Form or function? In the history of poster art, the two sides are constantly at war

Reagan Upshaw

THE WASHINGTON POST – “Who takes the eye takes all,” said Mary Lowndes of the Artists’ Suffrage League in the early 1900s, neatly summarising the need for striking graphics on the banners that suffragists were making for their marches. Lowndes’s statement could serve as the motto for all those who attempt to persuade by visual means, be they propagandists for political parties or advertisers selling soap.

The Poster, edited by Gill Saunders and Margaret Timmers of the Victoria & Albert Museum in London, is a beautiful and entertaining account of the history of the medium, illustrated with examples drawn from the museum’s extensive collection.

While handbill-sized fliers affixed to surfaces had long been in existence, it was the development of the large-scale colour lithographic technique, with images composed of several pieces that could be pasted together into one picture, that made possible the explosion of graphic media campaigns in the 19th Century. The first-rate artists who turned their talents to such designs make an impressive roster. Henri de Toulouse-Lautrec, Alphonse Mucha and Aubrey Beardsley were early practitioners of an art form that would be continued a century later by David Hockney, Andy Warhol and Robert Rauschenberg.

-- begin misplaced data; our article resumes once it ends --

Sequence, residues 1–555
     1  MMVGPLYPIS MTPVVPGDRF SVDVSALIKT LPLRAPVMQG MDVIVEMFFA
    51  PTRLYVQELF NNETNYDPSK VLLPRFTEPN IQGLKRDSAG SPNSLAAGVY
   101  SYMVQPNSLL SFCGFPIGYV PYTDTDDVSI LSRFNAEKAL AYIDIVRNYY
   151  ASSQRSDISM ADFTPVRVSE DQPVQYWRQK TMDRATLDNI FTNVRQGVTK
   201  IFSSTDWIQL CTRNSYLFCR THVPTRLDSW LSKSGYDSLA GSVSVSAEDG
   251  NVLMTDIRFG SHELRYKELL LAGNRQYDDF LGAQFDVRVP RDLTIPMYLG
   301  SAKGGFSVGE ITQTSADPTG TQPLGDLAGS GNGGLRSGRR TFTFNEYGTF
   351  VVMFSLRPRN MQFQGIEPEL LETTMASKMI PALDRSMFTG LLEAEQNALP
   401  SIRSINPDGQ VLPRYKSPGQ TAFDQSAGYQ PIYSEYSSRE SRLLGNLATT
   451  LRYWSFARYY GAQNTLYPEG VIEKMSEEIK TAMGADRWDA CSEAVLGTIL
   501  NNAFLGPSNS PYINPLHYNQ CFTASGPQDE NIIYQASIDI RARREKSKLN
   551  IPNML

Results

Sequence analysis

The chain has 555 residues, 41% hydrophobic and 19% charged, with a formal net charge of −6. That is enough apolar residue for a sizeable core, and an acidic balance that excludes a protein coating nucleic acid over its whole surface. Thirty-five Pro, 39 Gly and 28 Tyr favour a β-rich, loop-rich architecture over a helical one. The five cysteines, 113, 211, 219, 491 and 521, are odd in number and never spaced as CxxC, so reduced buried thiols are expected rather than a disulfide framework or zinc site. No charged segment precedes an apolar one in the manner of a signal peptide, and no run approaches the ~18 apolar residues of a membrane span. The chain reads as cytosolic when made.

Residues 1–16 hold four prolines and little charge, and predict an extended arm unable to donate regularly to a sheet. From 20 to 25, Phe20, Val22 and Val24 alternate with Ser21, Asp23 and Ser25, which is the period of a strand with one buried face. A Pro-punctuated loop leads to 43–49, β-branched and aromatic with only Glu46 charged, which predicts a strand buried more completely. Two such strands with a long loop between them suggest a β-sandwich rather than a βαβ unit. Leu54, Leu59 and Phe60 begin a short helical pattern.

The history of posters has been a continuing battle between word and image and between simplicity and complexity. How detailed should a visual image be? How much of the space should be allotted to picture and how much to lettering?

“Maximum meaning. Minimum means,” was the byword of influential 20th-Century designer Abram Games. On the other hand, The Poster tells us that during San Francisco’s psychedelic era, designers often “deliberately ignored traditional rules of poster design – that lettering should be legible, the message communicated immediately and disturbing colours avoided.” Those of us, stoned or not, who tried to decipher one of Victor Moscoso’s trippy rock concert posters would agree with the assessment.

The essays in The Poster detail the change in images, methods and public response over the years, sometimes looking back at “humorous” imagery that would now seem problematic, as in a poster showing a suffragist abandoning her hunger strike to sample a bowl of delicious Plasmon Oats. By the Mad Men era, poster advertising had shifted from original artwork to a reliance on photography. The commercial artist had been replaced by the graphic designer working with a creative team within an ad agency.

While money spent on poster advertising dropped drastically as television advertising became ascendant, some poster campaigns still broke through. The shock value of the United Colours of Benetton campaigns during the 1980s and ‘90s drew plenty of attention to the brand.

A chapter titled The Poster in the Digital Age is a fascinating look at the current scene, when posters composed of paper or vinyl are being replaced by digital billboards, with images that are visible for a few seconds before the next image appears. Yet the fleeting image is not the only survivor of the poster today. Social media platforms have added a new, smaller dimension. Homemade posters, photographed at rallies, go viral, being shared, adapted and answered as they spread across Facebook and Twitter. In the end, what compels us to take note of such a poster – a witty slogan or a harmonious blend of line and colour? Nineteenth-century poster artists would recognise the question as a familiar one.